Inspiration for this creation comes from several incentives. Let me share because I think you’ll get a kick out of how my recipes are ‘birthed’!
First of all, as some of you might know, we live on the water along the coast of the Carolinas. And, this location affords us so many beautiful things with one of the best being fresh catches throughout the year depending upon the season. Flounder is one of our favorite white fish. It’s tender. Flaky. Mild. And, lends itself perfectly to eating whole or as a filet. You can change up the seasonings depending upon your hankerings. So, Ben, my hubby, who has this ratpack well-used john boat was verrreeee slowly sputtering back to our dock, his fishing line in the water when he gets a bite. Yep, not 100 feet from tying up, calling it a day and coming in empty handed, he nabbed a fat flounder about 5 pounds and about 16 inches long. That meant we would eat that night!
I’m inspired all the time by the universal language of food. It doesn’t matter where I go, camel trekking in the Sahara, riding the subway in Boston, checking out of the grocery line, standing in line at the home improvement store…wherever and whatever…I can strike up a conversation about food. And, you know what, I always have eyes light up and folks want to talk!
Back track to a few weeks prior. I was on a flight coming from Atlanta to Myrtle Beach. Sitting next to me was the big tall hefty man. He hadn’t missed many meals. I knew he was an outdoorsman, probably hunting and fishing, by his attire and his hat. I smiled when I sat down. Buckled my seatbelt, nestled into my ‘space’ then said in my perky, yes, let’s talk, voice, ‘So! What takes you to Myrtle Beach?’ With his Bayou drawl he said, ‘Pigs’. Of course, I was kind of taken aback. OK, I’m thinking pigs, what’s happening in this resort town with pigs. As the conversation progressed, I was intently intrigued. This gentleman was going to the Wild Pig Conference being held there for 2016. Let me tell you, I had NO idea about wild pigs (boars) and what a problem they are in the Southeast, how they ravage land and cause destruction, the issues that they create for farmers and people. AND, I had no idea there were people who work in this area who help with controlling these animals that can easily take over. I had no idea that a wild sow (a Mama pig) could be the generator of up to 1000 offspring, her female gilts, their gilts, and so on, in a lifetime. You can imagine the education I got. This fella worked for the federal government, and he knew his stuff.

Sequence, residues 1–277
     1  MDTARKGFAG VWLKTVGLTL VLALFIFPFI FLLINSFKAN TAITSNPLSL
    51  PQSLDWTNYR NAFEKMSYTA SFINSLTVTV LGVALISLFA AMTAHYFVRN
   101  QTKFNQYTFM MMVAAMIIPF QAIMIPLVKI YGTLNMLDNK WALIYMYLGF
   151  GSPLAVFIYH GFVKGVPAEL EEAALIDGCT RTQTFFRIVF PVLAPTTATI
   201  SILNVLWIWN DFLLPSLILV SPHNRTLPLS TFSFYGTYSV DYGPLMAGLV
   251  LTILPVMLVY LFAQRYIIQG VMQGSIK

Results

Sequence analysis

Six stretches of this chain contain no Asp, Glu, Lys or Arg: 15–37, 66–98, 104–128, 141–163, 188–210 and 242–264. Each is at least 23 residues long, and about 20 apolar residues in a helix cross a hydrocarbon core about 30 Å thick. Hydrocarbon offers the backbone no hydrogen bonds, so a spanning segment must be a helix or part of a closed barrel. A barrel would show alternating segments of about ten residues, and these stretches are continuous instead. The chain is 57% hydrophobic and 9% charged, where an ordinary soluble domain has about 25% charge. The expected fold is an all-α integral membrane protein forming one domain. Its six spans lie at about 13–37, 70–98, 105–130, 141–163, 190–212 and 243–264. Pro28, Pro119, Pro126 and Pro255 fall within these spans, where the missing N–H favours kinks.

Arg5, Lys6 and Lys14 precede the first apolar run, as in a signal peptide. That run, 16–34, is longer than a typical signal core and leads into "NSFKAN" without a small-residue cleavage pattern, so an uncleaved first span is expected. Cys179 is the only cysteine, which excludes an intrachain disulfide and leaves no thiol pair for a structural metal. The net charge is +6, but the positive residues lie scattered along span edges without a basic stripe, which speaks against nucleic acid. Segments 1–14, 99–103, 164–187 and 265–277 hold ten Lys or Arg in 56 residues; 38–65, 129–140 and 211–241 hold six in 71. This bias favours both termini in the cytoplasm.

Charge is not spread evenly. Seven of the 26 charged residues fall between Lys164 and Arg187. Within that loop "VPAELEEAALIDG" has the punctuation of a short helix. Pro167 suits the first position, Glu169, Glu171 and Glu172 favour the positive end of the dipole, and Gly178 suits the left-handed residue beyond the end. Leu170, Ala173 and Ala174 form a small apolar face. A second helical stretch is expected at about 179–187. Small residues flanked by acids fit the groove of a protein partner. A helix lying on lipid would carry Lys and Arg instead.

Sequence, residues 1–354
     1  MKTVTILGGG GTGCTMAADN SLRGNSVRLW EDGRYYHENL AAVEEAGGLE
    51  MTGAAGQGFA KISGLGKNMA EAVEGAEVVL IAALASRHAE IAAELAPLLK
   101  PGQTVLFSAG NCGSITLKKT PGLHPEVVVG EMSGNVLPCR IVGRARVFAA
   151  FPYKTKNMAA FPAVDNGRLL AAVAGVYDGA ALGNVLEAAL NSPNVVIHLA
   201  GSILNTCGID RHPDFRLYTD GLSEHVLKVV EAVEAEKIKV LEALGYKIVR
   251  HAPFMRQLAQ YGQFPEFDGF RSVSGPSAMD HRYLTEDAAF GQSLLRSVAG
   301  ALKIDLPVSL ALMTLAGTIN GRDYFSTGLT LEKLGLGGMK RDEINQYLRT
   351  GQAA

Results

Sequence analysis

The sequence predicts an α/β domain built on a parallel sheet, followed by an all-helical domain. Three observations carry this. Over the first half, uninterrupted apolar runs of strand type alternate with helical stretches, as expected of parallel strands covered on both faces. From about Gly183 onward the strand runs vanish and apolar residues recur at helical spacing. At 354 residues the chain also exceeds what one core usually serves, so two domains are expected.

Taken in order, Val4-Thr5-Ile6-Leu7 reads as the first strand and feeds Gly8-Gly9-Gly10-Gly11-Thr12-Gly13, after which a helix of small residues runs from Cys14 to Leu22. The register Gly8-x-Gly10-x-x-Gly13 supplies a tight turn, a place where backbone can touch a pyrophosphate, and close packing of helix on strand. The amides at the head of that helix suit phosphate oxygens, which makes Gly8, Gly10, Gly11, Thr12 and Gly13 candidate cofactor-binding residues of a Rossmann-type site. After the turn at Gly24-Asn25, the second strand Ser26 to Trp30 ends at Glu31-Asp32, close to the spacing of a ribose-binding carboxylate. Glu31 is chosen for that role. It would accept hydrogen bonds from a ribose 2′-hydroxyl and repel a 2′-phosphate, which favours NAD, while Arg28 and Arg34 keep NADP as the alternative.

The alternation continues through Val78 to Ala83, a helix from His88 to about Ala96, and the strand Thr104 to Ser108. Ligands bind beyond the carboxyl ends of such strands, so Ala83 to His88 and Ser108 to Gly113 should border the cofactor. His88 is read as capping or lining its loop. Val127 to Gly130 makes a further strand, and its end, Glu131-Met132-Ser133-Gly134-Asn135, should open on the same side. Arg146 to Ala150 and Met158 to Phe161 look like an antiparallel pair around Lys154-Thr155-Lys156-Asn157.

Another thing he knew was cooking. Yes, we talked about cooking wild boar. I ate some of the most divine bolognese I’d ever had in Italy, and it was wild boar I told him. The cooking subject migrated to Cajun cooking, and he started pulling up recipes from his cell phone for everything from oyster soup to grits, and, yes, creole! When I asked him if there was a ‘substitute’ for the seasoning, which in most all his recipes was Tony Chachere Creole Seasoning, he turned his head as if to ponder, looked down for a second as if really thinking, then turned to me and said in a long drawl, ‘There ain’t no substitute.’ I chuckled inside. OK, then Ton Chachere it is!
This flounder creole recipe definitely has a story behind it. It’s inspired by the love of food that comes from two fellas behind the scenes, my precious Ben and this total stranger, Steve, who shared with me their love affair with Mother Nature. Now I’m sharing this glorious recipe with you. Yes, you’ve heard of shrimp creole, which I’d eaten just the day before at the ‘blessing of the inlet’, yet, another inspiration, and we’re twisting up this classic making it a flounder creole! If you can't find flounder, you can use any other kind of mild white fish-cod, grouper, catfish, red snapper, crocker, haddock, halibut.
If you can't find flounder, you can use any other kind of mild white fish-cod, grouper, catfish, red snapper, crocker, haddock, halibut.